Blankiet Estate entrance

Claude and Katherine Blankiet searched many years for a tract of land on the western foothills of the Mayacamas Mountains in the Napa Valley with the single vision of producing world class wines. In January of 1996 they had the chance to view an undeveloped hillside above the Napanook vineyard in Yountville that their agent had secured a hold for one day. Without any hesitation, the Blankiets bought the land on the spot and named it Paradise Hills.

Vineyard sunrise

With an ideal eastern exposure, the land is bathed with morning sun and benefits from natural shade in the hot afternoons. A constant cool breeze from the San Pablo Bay flows across the land. The vineyards are carved on steep hillsides just above the famed Napanook parcel that was originally planted in 1838 by Yountville’s founder, George C. Yount.

Earth with arrowheads

Land in this area is of impeccable pedigree and has been the source of legendary wines. As evidenced by copious arrowheads discovered at the banks of the streams winding through the vineyard, Paradise Hills was once the hunting grounds of indigenous Indian tribes. Remnants of vine-stakes (hand hewn by elusive farmers during prohibition times) are still visible on vineyard patches hidden alongside the forest ridge road.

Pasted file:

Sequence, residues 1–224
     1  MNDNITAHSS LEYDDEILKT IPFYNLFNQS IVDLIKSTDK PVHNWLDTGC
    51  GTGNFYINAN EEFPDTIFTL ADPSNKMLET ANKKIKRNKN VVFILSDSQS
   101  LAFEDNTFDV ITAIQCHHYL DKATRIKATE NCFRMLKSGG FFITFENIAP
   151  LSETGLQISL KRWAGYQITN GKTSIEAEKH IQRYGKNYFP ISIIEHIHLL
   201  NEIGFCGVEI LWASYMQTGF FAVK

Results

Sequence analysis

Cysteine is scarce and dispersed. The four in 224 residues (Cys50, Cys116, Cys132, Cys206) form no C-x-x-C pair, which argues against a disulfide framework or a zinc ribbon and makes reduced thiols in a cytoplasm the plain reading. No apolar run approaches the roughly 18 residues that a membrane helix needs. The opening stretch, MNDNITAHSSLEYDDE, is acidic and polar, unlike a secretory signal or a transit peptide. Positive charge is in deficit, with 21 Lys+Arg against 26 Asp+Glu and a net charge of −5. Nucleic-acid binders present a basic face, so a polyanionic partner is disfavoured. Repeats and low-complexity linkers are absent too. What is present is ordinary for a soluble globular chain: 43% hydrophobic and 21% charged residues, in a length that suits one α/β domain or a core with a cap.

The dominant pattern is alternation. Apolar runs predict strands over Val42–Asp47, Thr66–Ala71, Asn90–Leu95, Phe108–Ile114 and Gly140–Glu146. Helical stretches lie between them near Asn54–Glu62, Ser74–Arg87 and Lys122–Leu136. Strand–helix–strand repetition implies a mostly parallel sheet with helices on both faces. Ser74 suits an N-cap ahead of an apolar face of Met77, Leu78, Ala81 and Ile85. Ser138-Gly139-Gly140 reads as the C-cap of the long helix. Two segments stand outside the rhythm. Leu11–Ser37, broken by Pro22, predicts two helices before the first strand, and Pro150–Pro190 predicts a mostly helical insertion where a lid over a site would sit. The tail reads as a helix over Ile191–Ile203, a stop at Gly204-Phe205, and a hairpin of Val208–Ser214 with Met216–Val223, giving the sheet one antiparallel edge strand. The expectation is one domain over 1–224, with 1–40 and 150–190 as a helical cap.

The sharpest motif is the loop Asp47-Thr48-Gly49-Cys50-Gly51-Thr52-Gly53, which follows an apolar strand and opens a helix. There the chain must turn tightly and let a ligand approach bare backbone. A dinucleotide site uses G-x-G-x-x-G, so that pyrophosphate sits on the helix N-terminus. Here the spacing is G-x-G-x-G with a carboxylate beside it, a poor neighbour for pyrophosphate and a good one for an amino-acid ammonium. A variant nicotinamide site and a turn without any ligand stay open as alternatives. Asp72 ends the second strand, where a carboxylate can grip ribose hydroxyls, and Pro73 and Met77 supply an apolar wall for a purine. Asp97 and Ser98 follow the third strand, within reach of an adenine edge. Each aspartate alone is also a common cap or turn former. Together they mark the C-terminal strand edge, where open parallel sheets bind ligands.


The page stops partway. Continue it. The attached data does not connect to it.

Paradise Hills Vineyard is located on three volcanic knolls separated by alluvial swells deposited by the creeks draining the mountain range. Soil profiles vary from deeply fractured rocks and volcanic ash to thick clay deposits.  Viticulturist David Abreu and winemaker Helen Turley were brought in to develop Paradise Hills Vineyard into four distinct sections. Each sub-section is distinguished by unique subsoil and microclimate. Moreover, meticulously selected root stocks were grafted with clonal varieties of Cabernet Sauvignon, Cabernet Franc, Merlot and Petit Verdot procured from first growth Bordeaux estates.

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